Volume 1, Number 2 - Winter 1961


by Joseph M. Branson

(Mr. Branson is now 85 years old. He very kindly sent these recollections of a way of life now gone. Mr. Branson resides at 4228 E. 61st St., Kansas City 30, Missouri.)

The first generation of our ancestors lived in conditions hard for us to realize today. No mail, no newspapers, no schools. It was a world with out steam, gasoline or electricity. No machines. Imagine our world with these important things taken away!

There were no matches. Fire was kept by burying wood in ashes. Sometimes this method failed. It was serious to be without fire. Sometimes a trip to a neighbor was made to "borrow fire." This was carried back in a cast-iron frying pan. It would be a strange sight to see today! Sometimes two pieces of wood were rubbed together until they blazed (a hard job). Some times gunpowder was mixed with fine kindling and a spark from a flint rock and steele made a new start.

There was no kerosene oil. Light was provided by using a cup of grease with a string in it. Pine knots were collected and burned on the hearth to produce light. Rich resinous pine was split fine and tied into bundles to make a torch which provided light for a short time.

Candles were made by dipping a string repeatedly into h ot tallow until it became large enough to stand and burn slowly. My grandmother said she "felt aristocratic when she got her first candlemold."

No orchards or "tame fruit." There was an abundance of wild berries and grapes. Wild Muscadine grapes were fine. Wild honey was plentiful in ho]low trees. Hunting "bee trees" and cutting them afforded a pleasant recreation. Many families had maple sugar and maple syrup that would be luxuries today.

No drugstores. Doctors carried a small supply of medicine (mostly powders) in saddle pockets. This they dosed out in small bits of paper. "Teas" were made of various herbs, barks, leaves and roots and used as a home remedy. These may have done some good. Many mild cases went untreated.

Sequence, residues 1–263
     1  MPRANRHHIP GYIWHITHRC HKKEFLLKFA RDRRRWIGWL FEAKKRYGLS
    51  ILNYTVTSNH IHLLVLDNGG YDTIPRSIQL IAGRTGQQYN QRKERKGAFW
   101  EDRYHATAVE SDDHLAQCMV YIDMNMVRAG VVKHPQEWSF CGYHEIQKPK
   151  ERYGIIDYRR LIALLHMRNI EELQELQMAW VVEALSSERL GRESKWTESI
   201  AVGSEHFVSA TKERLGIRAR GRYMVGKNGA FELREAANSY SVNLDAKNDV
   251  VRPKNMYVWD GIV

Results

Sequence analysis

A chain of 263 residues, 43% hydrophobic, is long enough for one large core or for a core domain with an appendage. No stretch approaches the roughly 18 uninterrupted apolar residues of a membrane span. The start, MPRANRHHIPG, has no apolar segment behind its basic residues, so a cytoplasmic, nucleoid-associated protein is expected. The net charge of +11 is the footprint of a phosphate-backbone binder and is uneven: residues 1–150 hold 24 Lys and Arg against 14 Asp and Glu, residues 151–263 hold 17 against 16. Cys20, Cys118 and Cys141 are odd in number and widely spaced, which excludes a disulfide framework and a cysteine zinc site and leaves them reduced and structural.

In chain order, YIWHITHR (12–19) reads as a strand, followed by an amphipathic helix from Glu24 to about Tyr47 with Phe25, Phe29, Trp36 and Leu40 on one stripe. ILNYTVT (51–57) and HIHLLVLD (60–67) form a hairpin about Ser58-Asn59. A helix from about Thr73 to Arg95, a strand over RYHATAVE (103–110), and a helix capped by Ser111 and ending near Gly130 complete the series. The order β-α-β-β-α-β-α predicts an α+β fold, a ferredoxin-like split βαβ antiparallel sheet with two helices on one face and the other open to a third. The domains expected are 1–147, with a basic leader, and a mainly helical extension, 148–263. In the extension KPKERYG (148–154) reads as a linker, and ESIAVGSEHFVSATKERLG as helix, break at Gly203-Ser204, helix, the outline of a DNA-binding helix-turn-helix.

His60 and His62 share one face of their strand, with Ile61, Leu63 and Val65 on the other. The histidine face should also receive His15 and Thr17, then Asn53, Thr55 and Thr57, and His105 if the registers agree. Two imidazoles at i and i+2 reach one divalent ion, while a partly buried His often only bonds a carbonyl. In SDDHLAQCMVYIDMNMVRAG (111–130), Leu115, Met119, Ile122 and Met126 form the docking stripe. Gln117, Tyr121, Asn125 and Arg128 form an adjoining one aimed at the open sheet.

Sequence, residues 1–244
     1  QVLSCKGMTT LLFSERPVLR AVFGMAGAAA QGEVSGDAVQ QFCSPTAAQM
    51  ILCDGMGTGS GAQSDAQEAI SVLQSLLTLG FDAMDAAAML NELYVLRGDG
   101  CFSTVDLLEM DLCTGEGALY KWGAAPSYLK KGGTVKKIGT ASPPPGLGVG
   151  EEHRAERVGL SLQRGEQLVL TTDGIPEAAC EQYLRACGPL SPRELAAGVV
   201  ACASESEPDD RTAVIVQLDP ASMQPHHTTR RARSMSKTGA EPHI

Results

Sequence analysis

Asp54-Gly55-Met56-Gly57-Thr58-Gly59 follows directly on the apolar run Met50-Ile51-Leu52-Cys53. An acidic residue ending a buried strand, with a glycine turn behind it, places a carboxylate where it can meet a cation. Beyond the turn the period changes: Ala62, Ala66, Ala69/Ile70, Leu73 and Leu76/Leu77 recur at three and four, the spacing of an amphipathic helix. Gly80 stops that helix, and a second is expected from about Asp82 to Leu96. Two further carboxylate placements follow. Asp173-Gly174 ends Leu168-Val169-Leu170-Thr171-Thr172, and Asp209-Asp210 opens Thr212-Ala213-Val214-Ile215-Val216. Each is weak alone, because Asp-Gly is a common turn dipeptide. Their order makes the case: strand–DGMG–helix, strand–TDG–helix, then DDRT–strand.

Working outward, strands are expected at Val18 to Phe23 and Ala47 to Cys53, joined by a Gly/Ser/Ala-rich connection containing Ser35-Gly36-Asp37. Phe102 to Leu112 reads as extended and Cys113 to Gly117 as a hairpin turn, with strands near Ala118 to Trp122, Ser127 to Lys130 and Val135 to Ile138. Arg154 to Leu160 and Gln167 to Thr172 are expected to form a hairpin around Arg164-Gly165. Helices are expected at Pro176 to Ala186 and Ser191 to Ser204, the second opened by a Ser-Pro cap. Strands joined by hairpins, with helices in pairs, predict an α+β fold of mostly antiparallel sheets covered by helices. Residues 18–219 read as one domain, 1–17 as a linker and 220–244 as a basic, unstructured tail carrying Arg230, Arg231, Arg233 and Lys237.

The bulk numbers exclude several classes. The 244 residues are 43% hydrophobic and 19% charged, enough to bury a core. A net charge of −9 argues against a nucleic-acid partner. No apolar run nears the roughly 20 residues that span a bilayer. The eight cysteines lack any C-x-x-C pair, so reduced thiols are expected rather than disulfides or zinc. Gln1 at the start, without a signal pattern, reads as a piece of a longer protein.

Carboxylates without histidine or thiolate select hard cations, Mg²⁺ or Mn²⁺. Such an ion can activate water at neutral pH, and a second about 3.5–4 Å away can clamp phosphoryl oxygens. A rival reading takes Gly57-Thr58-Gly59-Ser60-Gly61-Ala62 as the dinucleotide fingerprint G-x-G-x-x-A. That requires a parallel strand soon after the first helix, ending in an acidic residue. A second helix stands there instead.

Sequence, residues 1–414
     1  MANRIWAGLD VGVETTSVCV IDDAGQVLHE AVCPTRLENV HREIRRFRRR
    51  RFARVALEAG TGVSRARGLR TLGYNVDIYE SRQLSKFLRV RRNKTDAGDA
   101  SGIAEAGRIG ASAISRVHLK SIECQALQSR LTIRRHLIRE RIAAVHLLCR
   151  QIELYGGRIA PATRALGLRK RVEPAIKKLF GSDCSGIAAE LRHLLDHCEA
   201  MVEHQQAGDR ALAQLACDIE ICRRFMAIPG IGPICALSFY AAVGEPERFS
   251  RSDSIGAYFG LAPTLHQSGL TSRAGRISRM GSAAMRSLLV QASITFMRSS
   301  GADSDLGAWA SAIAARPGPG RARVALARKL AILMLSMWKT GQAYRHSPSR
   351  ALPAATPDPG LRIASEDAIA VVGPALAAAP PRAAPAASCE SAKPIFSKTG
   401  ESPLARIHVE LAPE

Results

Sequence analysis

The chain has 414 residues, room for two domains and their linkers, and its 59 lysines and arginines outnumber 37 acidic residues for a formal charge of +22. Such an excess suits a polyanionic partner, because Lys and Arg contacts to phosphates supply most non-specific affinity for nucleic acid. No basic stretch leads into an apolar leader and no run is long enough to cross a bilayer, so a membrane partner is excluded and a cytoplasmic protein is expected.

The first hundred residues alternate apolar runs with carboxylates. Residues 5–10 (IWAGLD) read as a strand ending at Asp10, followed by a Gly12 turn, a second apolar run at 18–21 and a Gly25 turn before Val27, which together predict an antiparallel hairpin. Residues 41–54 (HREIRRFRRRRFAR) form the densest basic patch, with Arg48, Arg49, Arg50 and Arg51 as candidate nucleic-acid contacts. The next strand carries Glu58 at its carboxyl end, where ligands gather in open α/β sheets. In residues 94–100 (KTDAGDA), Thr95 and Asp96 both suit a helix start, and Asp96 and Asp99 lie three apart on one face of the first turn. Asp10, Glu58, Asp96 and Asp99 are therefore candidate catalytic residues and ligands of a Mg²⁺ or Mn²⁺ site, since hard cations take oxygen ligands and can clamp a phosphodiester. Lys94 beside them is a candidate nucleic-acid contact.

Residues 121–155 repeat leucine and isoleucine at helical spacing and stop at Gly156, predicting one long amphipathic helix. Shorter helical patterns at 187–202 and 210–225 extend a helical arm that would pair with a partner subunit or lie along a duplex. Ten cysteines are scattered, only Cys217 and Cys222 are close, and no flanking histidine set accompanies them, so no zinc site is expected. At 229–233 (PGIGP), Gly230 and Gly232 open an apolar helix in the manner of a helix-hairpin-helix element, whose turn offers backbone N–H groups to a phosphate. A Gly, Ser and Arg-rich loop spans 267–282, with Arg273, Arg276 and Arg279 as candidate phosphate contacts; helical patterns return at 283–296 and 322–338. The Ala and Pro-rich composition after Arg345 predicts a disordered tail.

Our ancestors were the early pioneers who subdued the wilds and carved homes out of the deep tangled forests - a huge task! The East is humid and the rainfall double what it is in the Ozarks. Trees grow big and tall. Grandfather had logs so large that he had to chop notches to stand in so he could reach the lowerside with his axe. He had no saw. Those who did


have a saw had to cut notches on each side so a saw would reach through. Clearing away logs so land could be cultivated was no child's play. There were many old worthless logs around the fields. My Grandfather pounded these logs with a c1ub to frighten crows and squirrels away from the grain. Ammunition was too expensive to be used.

The first settlers had to prepare stones and trees to build their plain, simple, humble homes. Houses had only one living room - no kitchen, parlor or bedrooms at first. Also a house was needed for the oxen or horse, one for the chic kens, a crib for corn or grain and a smokehouse for meats.

All stock lived out on the open land and fields for cultivation had to be fenced - mostly rails were used to make the old "worm fences." Forest fires were dreaded and did great damage. All able went out to fight fires.

The first houses were made of logs hewed with a "broadaxe" to about 8-inch thickness. The ends. were notched to fit snugly into a tight wall. Clay or lime was used to fill cracks. Smooth straight trees were selected to be split into beards. No sawed lumber.